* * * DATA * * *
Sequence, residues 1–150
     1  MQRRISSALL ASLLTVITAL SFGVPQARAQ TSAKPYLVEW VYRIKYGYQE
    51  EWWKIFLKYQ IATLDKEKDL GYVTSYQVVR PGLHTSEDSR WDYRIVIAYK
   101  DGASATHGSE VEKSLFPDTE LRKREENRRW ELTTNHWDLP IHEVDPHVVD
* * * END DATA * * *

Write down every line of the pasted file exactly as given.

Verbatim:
Sequence, residues 1–150
     1  MQRRISSALL ASLLTVITAL SFGVPQARAQ TSAKPYLVEW VYRIKYGYQE
    51  EWWKIFLKYQ IATLDKEKDL GYVTSYQVVR PGLHTSEDSR WDYRIVIAYK
   101  DGASATHGSE VEKSLFPDTE LRKREENRRW ELTTNHWDLP IHEVDPHVVD